Serving suggestions: For a lower calorie dish, omit the coconut milk. You can used unsweetened almond milk instead. Use the same ratio of arrowroot and proceed as above. It will be less creamy but still intensely curry flavored.
– “The Passionate Vegetable,” by Suzanne Landry, The Fresh Food Chef

Posted in: Uncategorized
Posted: June 26th, 2013

Hide cheese beneath your vegetables, and you'll gladly finish them.

Hide cheese beneath your vegetables, and you’ll gladly finish them.

Usually, elegant recipes mean tracking down weird, expensive ingredients and spending hours trapped at the sink engaged in menial labor.
Sugar Snap Peas with Ricotta, Mint and Lemon means none of that. It just sounds like it does.
I found it on www.purewow.com, which credits it to a new book, “Franny’s: Simple Seasonal Italian” by Andrew Feinberg, Francine Stephens and Melissa Clark.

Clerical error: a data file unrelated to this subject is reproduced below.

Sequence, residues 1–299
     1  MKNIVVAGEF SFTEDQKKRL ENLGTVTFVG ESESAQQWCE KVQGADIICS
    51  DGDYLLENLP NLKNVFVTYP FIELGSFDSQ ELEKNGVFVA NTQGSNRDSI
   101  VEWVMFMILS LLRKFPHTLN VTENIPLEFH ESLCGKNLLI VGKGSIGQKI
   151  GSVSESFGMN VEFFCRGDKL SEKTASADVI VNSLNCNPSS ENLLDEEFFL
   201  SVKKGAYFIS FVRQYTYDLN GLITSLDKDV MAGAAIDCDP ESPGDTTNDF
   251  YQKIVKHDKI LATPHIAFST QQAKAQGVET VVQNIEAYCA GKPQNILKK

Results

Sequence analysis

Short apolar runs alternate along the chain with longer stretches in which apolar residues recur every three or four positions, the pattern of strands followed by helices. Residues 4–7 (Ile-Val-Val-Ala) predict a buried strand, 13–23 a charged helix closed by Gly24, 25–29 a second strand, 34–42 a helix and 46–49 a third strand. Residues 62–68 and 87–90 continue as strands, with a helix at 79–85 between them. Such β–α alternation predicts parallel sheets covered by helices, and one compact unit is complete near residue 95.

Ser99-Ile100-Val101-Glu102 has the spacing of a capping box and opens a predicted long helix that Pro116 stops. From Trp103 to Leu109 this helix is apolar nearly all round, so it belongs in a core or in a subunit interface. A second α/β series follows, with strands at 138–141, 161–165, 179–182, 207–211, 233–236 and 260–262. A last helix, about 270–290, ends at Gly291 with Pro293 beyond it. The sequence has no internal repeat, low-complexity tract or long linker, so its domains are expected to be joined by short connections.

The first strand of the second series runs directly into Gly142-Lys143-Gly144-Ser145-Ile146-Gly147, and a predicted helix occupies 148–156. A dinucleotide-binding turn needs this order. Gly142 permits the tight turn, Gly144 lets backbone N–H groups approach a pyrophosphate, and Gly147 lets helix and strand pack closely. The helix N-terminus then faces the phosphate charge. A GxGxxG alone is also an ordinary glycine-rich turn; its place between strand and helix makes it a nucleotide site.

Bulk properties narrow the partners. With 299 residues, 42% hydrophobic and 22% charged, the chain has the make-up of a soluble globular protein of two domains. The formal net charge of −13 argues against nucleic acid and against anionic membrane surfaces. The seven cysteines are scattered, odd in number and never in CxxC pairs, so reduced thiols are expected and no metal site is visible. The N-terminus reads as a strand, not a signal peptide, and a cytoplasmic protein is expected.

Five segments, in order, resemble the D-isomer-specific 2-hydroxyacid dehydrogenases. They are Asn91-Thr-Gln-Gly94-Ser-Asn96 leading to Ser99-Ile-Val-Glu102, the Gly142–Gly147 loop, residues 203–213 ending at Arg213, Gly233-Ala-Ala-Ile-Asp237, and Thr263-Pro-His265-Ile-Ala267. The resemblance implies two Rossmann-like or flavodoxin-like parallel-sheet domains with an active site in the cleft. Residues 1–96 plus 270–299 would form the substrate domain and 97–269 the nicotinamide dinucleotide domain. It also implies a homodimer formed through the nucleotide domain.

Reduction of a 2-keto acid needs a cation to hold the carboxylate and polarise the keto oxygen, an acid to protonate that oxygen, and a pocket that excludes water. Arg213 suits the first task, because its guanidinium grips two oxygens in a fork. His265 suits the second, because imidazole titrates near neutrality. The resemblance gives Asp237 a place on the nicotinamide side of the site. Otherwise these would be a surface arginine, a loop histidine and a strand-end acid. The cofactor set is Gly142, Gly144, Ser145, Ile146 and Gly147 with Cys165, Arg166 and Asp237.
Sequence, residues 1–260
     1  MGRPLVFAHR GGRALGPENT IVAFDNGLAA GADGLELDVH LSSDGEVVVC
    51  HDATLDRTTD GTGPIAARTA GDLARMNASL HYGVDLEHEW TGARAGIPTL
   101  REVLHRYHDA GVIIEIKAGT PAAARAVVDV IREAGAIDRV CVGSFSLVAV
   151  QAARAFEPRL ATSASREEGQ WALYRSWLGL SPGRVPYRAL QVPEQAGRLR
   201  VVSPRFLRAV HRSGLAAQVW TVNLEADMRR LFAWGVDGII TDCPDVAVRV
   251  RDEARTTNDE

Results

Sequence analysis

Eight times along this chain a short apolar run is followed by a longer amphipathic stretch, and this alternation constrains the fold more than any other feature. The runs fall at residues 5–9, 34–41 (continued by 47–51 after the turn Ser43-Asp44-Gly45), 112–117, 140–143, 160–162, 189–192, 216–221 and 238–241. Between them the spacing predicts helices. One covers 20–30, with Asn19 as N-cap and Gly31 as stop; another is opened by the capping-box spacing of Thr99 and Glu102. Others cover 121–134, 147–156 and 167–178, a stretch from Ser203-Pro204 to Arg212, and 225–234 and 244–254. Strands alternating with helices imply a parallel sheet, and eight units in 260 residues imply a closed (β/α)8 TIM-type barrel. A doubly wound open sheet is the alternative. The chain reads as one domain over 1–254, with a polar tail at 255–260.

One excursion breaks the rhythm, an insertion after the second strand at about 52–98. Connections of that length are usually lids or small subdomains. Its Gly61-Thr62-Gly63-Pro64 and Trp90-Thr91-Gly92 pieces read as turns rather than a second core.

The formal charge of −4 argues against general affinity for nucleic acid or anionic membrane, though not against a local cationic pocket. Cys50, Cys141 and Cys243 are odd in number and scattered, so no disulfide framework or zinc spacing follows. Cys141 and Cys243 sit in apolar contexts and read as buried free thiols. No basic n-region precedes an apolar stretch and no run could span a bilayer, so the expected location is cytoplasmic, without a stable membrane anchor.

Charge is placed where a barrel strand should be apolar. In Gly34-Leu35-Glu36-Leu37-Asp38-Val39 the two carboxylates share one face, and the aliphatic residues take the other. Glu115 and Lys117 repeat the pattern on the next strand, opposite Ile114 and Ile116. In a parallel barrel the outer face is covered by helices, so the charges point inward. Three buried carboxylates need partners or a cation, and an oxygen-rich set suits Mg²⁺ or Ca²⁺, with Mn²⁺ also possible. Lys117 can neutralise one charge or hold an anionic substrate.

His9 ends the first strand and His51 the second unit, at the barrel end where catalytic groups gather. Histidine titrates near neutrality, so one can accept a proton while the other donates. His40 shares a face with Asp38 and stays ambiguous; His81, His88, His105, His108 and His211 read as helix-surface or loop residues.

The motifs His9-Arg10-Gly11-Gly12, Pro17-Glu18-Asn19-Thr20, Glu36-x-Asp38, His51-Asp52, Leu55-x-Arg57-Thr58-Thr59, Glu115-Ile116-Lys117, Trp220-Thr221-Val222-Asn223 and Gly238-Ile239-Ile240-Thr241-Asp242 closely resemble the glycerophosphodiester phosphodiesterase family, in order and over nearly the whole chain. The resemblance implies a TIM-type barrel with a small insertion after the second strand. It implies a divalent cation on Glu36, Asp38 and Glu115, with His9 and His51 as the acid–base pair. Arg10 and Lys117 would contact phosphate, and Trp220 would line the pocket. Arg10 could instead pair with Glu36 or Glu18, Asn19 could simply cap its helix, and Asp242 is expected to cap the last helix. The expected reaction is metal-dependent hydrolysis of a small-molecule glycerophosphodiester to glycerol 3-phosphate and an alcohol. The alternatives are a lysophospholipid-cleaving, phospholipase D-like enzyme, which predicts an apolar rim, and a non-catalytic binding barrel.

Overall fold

Its ingenius construction, cheese mixture spread on a plate as a bed for bright green snap peas isn’t just pretty. It also makes it easy to enjoy all its nuances with one swipe of the fork, without mixing everything together and winding up with a visual and flavor-muddling mish mash.
While everyone else seems to be picking peas already, my vines, which I planted weeks too late, are only 4 inches tall. I did the same thing last year, though, so I’m sure they’ll get there, and when they do, I’ll be at the store tracking down nothing more exotic than plain, old ricotta.

Posted in: Uncategorized
Posted: June 25th, 2013
Best-Ever Barbecued Ribs from The Daily Meal will make a the grate at my house this season.